June 23, 2016. That was the date of the referendum that resulted in the people of the United Kingdom deciding to leave the European Union with a vote of 52% in favor and 48% opposed. Yet, two prime ministers and nearly four years later, the UK finally left on Friday, Jan. 31.
Originally, Britain was due to leave on March 29, 2019. However, members of Parliament (MPs) continually blocked the deal negotiated by former Prime Minister Theresa May. After the third rejection, May resigned, and was replaced by Boris Johnson. After a sweeping Conservative victory in last December’s general election, Johnson secured a comfortable Conservative majority in Parliament, and was able to get the Withdrawal Agreement through Parliament.
Luke Reader is a professor in the Department of History, specializing in Modern British history. He is currently teaching a Brexit-centered SAGES course this semester. I interviewed him about Brexit and why he believes it merits its own SAGES class.
News Editor Surita Basu: What exactly does it mean for Britain to leave on Jan. 31? What will change?
Professor Reader: “We don’t know for sure what it means for Britain to leave the European Union. But Britain has been a member of the EU since 1973. Huge areas of British life—law, the economy, social policy, immigration rules, trade in goods and services, travel, to name just a few—have become interwoven with EU law. For the rest of 2020, Britain’s relationship with the EU will remain similar to what it is now, but beyond that, we just don’t know. This is part of the problem. There’s just a huge amount of uncertainty that comes with Brexit”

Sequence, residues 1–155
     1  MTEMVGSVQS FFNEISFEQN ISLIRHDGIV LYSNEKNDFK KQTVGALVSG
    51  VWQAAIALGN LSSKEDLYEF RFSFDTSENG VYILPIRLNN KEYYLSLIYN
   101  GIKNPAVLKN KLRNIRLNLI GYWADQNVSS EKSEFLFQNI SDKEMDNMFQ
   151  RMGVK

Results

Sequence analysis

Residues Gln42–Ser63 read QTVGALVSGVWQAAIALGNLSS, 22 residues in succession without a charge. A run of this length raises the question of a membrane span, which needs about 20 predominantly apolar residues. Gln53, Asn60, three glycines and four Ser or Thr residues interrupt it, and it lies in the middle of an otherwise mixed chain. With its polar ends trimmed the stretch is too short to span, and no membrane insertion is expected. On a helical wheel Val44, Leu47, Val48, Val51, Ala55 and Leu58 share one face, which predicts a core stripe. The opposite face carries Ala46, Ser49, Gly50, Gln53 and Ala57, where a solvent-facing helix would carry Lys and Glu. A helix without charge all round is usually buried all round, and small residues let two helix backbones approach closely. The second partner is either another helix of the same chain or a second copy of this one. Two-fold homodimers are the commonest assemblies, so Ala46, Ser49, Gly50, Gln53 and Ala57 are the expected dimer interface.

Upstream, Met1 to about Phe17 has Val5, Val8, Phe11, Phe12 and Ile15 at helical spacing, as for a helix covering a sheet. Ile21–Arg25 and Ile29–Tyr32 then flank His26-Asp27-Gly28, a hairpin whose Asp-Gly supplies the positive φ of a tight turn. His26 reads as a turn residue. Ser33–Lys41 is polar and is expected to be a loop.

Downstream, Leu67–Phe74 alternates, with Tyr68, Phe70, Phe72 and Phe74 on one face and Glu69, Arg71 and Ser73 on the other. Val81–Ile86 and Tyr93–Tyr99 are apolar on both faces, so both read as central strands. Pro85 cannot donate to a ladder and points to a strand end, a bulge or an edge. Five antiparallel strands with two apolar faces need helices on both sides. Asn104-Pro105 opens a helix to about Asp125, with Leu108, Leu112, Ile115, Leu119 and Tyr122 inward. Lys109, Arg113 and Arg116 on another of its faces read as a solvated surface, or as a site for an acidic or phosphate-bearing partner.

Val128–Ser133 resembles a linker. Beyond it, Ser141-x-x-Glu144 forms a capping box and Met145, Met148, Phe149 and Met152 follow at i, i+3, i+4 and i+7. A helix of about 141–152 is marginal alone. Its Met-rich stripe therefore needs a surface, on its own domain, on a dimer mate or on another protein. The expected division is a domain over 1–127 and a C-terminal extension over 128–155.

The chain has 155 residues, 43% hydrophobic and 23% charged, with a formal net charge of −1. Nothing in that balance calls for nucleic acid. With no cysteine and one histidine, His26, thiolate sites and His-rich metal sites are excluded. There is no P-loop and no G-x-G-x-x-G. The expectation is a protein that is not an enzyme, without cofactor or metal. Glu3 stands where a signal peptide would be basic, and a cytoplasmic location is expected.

Basu: Why should we care about Brexit?
Reader: “Across the globe, there has been a massive reaction against mainstream politics. Nativist, authoritarian parties and candidates have won elections or increased their share of the vote massively in recent years. There has been a huge upsurge of interest in socialism. Brexit is the British version of this trend. But there are other reasons to care about Brexit. Britain is the economic conduit to the EU for the USA and many other nations. These countries will need to build new links or find ways to continue working through the UK. There are also security implications. Britain does a huge amount of work balancing US-European interests through institutions like NATO and the Five Eyes intelligence network. Brexit threatens this by making Britain’s role in Europe-wide anti-terrorism and law enforcement cooperation much more uncertain. It’s not all bad news though. I’m originally from Britain, but I’ve lived in the USA for 18 years. The cost of traveling to the UK has never been as cheap as it is now.”
Basu: Why was it important to have a SAGES class dedicated to Brexit?
Reader: “I wanted to have a Brexit class for a couple of reasons. Brexit is happening right now. That means that we’re not just watching history unfold in front of our eyes. We’re reading about events as they occur and writing papers that contribute to the ways in which historians will understand Brexit in the future. Secondly, we’re looking at the ways in which Brexit has affected almost every aspect of life in the UK and transformed the ways in which people see both themselves and their fellow citizens. There are lessons from this that we can apply to this country as well. The implications of all of this fit neatly with the goal of SAGES, and are a good example of what these seminars can achieve.”